Although not before the court, query whether the application for the temporary agency, which asks questions such as whether the applicant is able to perform all duties of the job and "what weaknesses do you bring to the employer?" runs afoul of the ADA.

Wednesday, April 10, 2013

Court of Appeals Decides Alternate Medical Care Claim

Millenkamp v. Millenkamp, No. 11-2068 (Iowa App. April 10, 2013) is a case that has been bouncing back and forth between the agency and the appellate courts since claimant's initial injury in 2001, when claimant suffered a traumatic brain injury while working in his cattle business.  The current dispute concerns a situation where claimant had been treating with a physician who retired from the practice.  That physician recommended that claimant see another physician, Dr. Neiman, who provided treatment to claimant.  Prior to seeing Dr. Neiman, it does not appear as if the employer knew that the authorized treating physician had retired.

According to the court, when the employer learned that the authorized treater had retired, it sought to provide care for claimant, first with Dr. Young, who refused to see claimant, and then with Dr. Cullen, who claimant refused to see because he had been hired by the defendants.  Claimant argued that because his treating physician had recommended Dr. Neiman, the agency, under its own precedent, could not interfere with that recommendation and had to follow what the authorized treater had recommended.  Claimant sought to have Dr. Neiman named as the treater.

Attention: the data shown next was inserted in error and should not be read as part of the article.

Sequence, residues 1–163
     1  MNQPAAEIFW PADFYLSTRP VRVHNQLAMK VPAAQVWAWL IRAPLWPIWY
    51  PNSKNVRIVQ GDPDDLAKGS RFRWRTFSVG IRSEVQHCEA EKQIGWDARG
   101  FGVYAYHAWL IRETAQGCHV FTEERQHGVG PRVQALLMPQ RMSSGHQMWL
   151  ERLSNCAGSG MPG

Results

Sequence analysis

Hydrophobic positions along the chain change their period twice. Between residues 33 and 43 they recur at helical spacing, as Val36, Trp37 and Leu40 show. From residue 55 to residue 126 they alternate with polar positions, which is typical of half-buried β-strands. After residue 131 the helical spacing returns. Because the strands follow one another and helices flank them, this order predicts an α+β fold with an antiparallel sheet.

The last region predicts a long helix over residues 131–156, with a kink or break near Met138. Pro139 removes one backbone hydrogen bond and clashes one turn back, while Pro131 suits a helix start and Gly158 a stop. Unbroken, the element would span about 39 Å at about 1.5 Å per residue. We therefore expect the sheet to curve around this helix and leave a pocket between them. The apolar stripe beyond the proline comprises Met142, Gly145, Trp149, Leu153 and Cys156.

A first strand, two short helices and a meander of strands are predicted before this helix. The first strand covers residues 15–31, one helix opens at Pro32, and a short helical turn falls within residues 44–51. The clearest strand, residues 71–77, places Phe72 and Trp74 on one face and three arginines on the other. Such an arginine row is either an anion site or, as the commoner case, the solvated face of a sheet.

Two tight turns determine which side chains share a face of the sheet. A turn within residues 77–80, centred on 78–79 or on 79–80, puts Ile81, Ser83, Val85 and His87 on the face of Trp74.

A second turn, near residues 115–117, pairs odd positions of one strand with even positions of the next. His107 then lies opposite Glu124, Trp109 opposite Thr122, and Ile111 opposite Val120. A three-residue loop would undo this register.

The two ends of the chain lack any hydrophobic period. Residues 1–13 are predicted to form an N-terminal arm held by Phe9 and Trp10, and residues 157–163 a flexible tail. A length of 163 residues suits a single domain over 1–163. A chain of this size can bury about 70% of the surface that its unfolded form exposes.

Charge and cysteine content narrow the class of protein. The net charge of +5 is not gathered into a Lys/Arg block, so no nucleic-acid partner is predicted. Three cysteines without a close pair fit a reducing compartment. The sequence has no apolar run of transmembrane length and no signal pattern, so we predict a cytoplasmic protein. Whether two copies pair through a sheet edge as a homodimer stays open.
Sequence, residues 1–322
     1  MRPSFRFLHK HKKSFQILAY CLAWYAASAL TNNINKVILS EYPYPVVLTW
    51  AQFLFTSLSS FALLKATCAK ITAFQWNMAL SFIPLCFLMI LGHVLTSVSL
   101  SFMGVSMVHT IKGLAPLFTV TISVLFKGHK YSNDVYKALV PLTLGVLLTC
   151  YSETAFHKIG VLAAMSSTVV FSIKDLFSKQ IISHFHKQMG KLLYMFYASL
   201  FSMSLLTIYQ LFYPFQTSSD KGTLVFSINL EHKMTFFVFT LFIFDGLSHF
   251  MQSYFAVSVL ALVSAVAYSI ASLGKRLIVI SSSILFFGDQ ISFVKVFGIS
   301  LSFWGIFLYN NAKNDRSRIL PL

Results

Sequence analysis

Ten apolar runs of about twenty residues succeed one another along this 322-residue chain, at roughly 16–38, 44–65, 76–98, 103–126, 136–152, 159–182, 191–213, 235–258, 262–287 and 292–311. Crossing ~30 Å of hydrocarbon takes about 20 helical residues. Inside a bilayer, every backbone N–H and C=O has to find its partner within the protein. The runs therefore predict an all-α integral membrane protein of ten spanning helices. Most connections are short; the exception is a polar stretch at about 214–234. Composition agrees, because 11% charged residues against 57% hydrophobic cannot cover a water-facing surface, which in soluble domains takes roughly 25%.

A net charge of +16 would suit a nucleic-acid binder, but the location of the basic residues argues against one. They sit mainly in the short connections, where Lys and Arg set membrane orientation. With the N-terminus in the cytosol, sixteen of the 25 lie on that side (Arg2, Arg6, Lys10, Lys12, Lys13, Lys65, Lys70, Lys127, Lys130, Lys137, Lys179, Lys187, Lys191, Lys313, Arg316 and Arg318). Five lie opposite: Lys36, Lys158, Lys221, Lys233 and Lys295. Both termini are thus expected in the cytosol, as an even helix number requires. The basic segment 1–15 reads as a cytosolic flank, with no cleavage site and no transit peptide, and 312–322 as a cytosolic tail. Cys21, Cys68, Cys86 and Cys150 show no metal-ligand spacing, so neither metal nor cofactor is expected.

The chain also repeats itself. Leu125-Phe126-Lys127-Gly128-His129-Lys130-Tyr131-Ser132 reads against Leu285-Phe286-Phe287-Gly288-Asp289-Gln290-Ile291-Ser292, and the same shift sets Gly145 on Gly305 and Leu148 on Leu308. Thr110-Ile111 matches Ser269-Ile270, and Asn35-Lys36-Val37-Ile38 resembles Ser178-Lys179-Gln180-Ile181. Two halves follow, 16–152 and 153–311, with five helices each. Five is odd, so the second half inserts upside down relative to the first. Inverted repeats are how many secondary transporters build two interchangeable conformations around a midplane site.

Three alternate medical care hearings were held and in the last one, the agency did not agree, and concluded that once the employer learned of the retirement of the treater, they moved quickly to have claimant seen by another doctor.  The agency found that there was no showing that the services offered by the employer to claimant were unreasonable under section 85.27(4) of the Iowa Code, nor was there any showing that care had not been provided with reasonable promptness.

On appeal, the district court affirmed the decision of the agency.  On appeal to the court of appeals, claimant argued that the employer did not have the absolute right to change care and in light of the fact that the authorized treater had recommended Dr. Neiman, he should be allowed to continue with Dr. Neiman.  The court of appeals found that the record supported the conclusion that the employer had provided (or at least offered) reasonable care, and that this care was offered in a timely fashion.